WASHINGTON, Sept. 13 (UPI) -- If you're looking at water and think it looks and smells bad, it probably is -- and possibly toxic too -- U.S. researchers say.
Scientists with the U.S. Geological Survey say earthy or musty odors, along with visual evidence of blue-green algae, also known as cyanobacteria, may serve as a warning that harmful cyanotoxins are present in lakes or reservoirs, a USGS release said Monday.
In a recent study of cyanobacterial blooms in Midwest lakes, taste-and-odor compounds were found almost every time cyanotoxins were found, indicating odor may serve as a warning that harmful toxins are present, the USGS said.
"While taste-and-odor compounds are not toxic, these pungent compounds were always found with cyanotoxins in the blooms sampled," USGS limnologist Jennifer Graham said. "This finding highlights the need for increased cyanotoxin surveillance during taste-and-odor events so that the public can be advised and waters can be effectively treated."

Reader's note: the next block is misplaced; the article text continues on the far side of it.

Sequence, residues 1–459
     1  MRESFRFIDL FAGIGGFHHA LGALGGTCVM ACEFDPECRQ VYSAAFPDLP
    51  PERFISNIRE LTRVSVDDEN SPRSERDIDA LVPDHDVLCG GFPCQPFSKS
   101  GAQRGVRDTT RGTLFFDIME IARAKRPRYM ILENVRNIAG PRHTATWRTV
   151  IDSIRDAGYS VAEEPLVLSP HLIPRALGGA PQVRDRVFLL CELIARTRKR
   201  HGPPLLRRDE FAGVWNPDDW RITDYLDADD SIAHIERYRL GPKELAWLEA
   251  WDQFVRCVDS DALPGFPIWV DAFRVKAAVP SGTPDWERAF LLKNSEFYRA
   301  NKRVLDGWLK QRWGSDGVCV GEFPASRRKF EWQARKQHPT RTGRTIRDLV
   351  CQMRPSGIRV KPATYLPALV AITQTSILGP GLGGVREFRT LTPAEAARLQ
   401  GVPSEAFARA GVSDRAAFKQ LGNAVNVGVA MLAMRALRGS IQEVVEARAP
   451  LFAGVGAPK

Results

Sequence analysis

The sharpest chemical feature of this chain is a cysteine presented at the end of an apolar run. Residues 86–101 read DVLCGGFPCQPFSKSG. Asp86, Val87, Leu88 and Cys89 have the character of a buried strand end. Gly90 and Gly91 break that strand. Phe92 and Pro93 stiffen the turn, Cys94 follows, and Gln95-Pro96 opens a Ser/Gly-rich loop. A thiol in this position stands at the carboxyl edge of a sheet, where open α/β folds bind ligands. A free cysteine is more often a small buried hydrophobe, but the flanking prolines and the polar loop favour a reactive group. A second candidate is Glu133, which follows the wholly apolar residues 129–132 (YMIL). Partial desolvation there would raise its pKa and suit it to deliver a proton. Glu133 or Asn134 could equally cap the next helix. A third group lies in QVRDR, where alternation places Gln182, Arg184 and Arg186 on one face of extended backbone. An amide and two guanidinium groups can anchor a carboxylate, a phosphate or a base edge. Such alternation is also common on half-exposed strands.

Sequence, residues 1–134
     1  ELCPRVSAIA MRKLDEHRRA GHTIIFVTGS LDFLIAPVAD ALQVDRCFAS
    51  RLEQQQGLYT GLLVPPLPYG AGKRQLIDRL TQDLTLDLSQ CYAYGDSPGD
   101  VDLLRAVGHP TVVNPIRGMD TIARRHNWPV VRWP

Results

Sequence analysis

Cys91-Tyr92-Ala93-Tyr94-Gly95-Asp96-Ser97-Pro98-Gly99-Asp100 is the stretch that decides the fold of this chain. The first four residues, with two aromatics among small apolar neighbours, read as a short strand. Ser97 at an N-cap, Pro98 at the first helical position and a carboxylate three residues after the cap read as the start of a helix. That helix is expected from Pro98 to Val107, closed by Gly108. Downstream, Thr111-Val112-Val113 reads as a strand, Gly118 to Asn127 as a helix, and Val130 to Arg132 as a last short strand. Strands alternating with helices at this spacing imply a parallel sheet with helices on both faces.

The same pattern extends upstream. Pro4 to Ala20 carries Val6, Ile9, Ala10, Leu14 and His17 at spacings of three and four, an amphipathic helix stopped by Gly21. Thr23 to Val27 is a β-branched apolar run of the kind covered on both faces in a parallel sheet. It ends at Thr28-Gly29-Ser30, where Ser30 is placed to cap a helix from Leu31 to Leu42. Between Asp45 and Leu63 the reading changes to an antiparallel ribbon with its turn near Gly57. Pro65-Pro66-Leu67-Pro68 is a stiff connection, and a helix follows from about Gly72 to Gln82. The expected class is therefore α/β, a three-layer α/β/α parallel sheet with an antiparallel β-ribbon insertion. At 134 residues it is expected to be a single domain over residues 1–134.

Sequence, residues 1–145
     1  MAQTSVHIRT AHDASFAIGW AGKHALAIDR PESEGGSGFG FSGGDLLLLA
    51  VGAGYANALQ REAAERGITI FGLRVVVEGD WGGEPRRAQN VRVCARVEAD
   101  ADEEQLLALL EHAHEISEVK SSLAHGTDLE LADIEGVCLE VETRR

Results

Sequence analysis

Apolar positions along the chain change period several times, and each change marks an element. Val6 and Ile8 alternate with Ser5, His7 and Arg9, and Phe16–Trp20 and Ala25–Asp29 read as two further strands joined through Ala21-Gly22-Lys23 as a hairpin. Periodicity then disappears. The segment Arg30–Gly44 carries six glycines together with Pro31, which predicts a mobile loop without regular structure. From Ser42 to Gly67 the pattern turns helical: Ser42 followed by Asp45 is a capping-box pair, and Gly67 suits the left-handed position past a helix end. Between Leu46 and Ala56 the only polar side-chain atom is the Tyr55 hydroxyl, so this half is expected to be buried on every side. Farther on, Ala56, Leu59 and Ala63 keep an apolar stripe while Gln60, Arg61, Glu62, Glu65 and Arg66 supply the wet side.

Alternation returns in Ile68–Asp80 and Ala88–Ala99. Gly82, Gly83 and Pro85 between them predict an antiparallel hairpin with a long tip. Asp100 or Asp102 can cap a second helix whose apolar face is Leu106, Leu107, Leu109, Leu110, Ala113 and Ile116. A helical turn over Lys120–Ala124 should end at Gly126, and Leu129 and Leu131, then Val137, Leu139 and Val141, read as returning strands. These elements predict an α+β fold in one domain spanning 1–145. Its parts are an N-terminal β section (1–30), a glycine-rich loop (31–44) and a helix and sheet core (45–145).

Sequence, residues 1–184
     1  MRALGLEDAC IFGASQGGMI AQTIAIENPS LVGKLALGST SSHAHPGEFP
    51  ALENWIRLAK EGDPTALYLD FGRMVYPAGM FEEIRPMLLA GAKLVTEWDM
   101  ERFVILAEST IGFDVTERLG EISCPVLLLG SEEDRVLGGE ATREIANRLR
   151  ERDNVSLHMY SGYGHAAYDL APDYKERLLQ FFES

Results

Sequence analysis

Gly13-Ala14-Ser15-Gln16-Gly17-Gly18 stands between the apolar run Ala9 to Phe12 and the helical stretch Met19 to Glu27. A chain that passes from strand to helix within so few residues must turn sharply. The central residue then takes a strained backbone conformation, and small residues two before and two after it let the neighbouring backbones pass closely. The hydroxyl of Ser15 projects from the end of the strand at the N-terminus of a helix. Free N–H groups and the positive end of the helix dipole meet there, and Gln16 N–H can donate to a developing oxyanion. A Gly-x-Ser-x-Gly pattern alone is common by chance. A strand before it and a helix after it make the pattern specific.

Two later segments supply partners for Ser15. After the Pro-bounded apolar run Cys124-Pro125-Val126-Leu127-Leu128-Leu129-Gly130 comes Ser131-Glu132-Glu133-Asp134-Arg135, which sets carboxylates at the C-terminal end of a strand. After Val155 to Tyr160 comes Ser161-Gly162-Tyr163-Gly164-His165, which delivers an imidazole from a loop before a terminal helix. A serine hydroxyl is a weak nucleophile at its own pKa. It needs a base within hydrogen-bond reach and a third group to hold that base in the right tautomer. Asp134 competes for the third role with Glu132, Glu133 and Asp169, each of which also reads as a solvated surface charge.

Limnology is the scientific study of the life and phenomena of fresh water.
Cyanotoxins can be poisonous to people, aquatic life, pets and livestock, and removing or treating affected water can be both costly and time-intensive, experts say.
"Exposure to these toxins has caused a range of symptoms including skin rashes, severe stomach upset, seizures, or even death," Keith Loftin, USGS research chemist, said.
"Pets and livestock are most susceptible to direct exposure, but people can also be affected during recreation, by eating contaminated foods, or by drinking contaminated water that has not been treated properly," he said.